This is a more fascinating question than many might think at first glance.
Kronos is the Greek god and probably comes from Proto-Indo-European * gern- which meant germ or seed and yields the modern English words germ, grain, corn and kernel. This is likely because Kronos 'begat' the Olympian generation, and therefore was the 'seed'.
Saying the Greeks viewed Kronos as evil is something of a simplification, and it's important to recognize it as such because the difference in Greek and Roman religious worldviews goes to the heart of your question. For the Greeks, the gods showed supernatural virtue and supernatural vice. As can be deduced from his name, Kronos was originally an agricultural deity and the connection of seeds to planting and harvesting crops led to an association with seasons. Kronos wasn't necessarily evil, it rather might be more diplomatic to say that because he feared one of his children would overthrow him (a well-founded fear, it turns out) he was doing 'what he had to do' by eating them.
Saturn's etymology is a bit trickier, but is probably PIE * sewH(r)- which would have meant 'seed, bring forth' and is cognate with modern English seed, son, semen, serum, sow (meaning what you do with seeds in a field). This means Saturn for the oldest of the Romans had an agricultural character (like Kronos for the Greeks) and it is apparent the two entities come from a single concept in an earlier PIE society.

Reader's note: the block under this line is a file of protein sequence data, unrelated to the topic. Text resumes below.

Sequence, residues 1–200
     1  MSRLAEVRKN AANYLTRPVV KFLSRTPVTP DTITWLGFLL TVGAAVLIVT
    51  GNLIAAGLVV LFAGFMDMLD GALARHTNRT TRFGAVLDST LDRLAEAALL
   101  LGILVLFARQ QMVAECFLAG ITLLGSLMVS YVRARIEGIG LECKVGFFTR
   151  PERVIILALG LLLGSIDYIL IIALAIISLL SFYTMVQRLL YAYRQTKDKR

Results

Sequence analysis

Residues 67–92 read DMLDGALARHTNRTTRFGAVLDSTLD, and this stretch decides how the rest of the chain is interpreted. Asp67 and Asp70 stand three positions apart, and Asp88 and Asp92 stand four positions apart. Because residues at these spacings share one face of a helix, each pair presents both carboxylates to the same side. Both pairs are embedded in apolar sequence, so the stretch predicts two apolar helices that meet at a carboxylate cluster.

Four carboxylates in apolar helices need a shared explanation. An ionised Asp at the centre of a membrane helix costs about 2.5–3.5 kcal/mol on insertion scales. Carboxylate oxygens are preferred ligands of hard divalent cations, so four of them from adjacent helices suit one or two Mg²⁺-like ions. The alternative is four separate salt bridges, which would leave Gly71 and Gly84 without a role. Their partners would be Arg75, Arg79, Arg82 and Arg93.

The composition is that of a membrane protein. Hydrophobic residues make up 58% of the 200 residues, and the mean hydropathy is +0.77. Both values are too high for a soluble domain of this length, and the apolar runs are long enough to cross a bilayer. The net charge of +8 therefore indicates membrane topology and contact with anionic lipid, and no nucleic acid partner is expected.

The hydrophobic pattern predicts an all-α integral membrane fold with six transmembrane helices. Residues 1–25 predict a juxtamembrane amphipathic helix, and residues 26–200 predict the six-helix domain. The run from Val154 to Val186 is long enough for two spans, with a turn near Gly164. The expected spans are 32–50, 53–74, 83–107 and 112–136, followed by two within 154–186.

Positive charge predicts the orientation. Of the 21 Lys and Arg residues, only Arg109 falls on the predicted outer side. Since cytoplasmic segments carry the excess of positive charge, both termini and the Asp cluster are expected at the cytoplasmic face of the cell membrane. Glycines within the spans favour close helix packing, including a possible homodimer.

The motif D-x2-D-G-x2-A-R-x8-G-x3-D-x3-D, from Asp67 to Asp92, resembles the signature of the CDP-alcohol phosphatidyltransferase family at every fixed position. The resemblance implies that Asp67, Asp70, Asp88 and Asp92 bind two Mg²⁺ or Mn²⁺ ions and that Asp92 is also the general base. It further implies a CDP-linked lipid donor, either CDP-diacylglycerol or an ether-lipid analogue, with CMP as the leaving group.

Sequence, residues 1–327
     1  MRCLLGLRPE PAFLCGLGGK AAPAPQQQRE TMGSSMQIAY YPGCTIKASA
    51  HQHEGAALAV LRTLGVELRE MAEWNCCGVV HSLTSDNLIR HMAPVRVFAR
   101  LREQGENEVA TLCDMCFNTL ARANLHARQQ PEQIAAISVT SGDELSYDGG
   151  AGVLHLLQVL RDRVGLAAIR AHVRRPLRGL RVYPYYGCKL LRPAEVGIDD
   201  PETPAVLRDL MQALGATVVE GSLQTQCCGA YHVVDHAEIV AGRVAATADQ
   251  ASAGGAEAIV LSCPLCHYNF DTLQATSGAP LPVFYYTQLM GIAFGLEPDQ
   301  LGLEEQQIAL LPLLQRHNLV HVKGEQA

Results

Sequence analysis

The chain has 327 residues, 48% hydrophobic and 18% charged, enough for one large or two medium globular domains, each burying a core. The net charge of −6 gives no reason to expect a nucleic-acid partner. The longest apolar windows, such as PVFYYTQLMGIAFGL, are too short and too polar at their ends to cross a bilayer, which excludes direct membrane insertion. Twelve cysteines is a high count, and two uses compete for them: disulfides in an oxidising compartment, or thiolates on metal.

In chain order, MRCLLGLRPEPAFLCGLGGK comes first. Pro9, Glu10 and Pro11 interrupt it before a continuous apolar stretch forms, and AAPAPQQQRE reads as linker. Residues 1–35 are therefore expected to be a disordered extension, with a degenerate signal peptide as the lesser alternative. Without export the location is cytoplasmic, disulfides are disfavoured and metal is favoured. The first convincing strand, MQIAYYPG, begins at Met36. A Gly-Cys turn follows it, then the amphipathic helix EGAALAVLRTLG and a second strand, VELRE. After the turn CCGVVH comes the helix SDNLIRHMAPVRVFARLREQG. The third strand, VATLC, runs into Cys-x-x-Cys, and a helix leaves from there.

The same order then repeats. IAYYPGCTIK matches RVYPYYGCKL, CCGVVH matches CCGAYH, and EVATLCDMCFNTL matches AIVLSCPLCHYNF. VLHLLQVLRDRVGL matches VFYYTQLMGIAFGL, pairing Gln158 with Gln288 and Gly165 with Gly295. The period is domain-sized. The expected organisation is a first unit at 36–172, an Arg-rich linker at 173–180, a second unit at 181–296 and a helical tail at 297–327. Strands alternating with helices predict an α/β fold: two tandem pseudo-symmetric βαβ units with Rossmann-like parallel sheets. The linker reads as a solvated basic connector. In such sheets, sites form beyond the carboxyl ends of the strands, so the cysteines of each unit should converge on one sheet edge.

The big difference is for the Romans the gods were paragons of virtue or vice. They were individuals much more to be beheld from afar with a sense of fear or awe; the Greek gods were extraordinarily relatable by comparison. The Roman association of agrarian wealth with Saturn was therefore the chief issue for people, while the conflict between himself and Jupiter was a matter amongst the gods. The Greeks didn't view the behavior of Kronos and Zeus quite so distantly but rather as a plausible human circumstance, and therefore may have been more reluctant to worship not only someone who ate his children, but who lost the war that came after. All fathers worry that their sons will outgrow and eventually overpower them, and the Titanomachy is a mythical reflection of this universal human process.